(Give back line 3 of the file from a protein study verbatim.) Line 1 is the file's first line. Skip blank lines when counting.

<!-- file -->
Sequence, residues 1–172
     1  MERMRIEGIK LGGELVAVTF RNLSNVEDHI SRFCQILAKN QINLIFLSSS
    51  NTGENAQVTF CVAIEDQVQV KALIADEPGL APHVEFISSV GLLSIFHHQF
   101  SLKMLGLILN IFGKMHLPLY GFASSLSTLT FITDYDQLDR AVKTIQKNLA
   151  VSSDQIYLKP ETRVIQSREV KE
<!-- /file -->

    51  NTGENAQVTF CVAIEDQVQV KALIADEPGL APHVEFISSV GLLSIFHHQF